Keep in mind, though, that when you hit those roadblocks your character, commitment, and attitude are the determining factors in your success. Carefully review your plan of action, seek wise counsel, and be particularly careful to feed your mind good information. An optimistic, positive mind is far more likely to come up with creative solutions than a mind that dwells on setbacks and difficulties.

from the Masters…


On Self-Limiting Beliefs


“Being challenged in life is inevitable, being defeated is optional.”

— Roger Crawford

“We would accomplish many more things if we did not think of them as impossible.”

— Chretien Malesherbes

“If a man harbors any sort of fear, it percolates through all his thinking, damages his personality, makes him a landlord to a ghost.”

— Lloyd C. Douglas

“The outer limit of your potential is determined solely by your own beliefs and your own confidence in what you think is possible.”

— Brian Tracy


On Ideas


“Ideas are like stars; you will not succeed in touching them with your hands. But like the seafaring man on the desert of waters, you choose them as your guides, and following them you will reach your destiny.”

— Carl Schurz

“Ideas are information taking shape.”

— Jim Rohn

“Take ownership of an idea and the idea will take ownership of you.”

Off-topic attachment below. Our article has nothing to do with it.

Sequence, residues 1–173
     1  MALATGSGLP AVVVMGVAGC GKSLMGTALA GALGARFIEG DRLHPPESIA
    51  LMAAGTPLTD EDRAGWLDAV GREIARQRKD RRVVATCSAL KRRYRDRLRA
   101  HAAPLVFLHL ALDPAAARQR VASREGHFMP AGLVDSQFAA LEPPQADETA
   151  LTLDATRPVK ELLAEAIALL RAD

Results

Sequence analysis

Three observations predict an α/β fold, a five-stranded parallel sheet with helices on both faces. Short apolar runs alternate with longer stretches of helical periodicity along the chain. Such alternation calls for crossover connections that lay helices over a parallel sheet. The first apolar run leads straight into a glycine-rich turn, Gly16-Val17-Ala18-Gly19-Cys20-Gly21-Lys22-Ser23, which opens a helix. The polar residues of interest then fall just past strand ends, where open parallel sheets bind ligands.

— Mark Victor Hansen

“There is no adequate defense, except stupidity, against the impact of a new idea.”

— Percy Williams Bridgman

Paying The Estate Tax Bill

estate tax billThe federal government will not accept a percentage of your estate as payment for your estate tax bill. Instead, your estate tax bill must be paid in cash, and it must be paid within nine months after your death.

If your estate is subject to the federal estate tax, there are FOUR ways to provide your estate with the cash needed to pay your estate tax bill:

1. 100% METHOD

You could accumulate enough cash in your estate to pay your estate tax bill outright. Rarely, however, does a successful person accumulate such large sums of cash. Instead, the reason for financial success is usually due to the investment of cash in appreciating assets, rather than accumulating it in a bank.


Your estate could borrow the cash needed to pay your estate tax bill. This, however, only defers the problem, since the money will then have to be repaid with interest.


Your estate could liquidate sufficient assets to pay your estate tax bill. This choice may make sense if your estate owns considerable assets that can be readily sold for a gain following your death. Keep in mind, however, that if a forced liquidation is necessary, it may bring only a small fraction of the true value of your assets. In addition, sales expenses are bound to be incurred.


Assuming you qualify, you can arrange now to pay your estate tax bill with life insurance dollars. For every dollar your estate needs, you can give an insurance company from approximately one to seven cents a year, depending on your age and health. No matter how long you live, it is unlikely you will ever give the insurance company more than 100 cents on the dollar. In addition, the life insurance policy can frequently be structured to accommodate your unique premium payment requirements.

Please contact my office (Contact@BenefitCI.com) for more information on estate taxation and strategies you may be able to use in order to minimize your estate tax bill.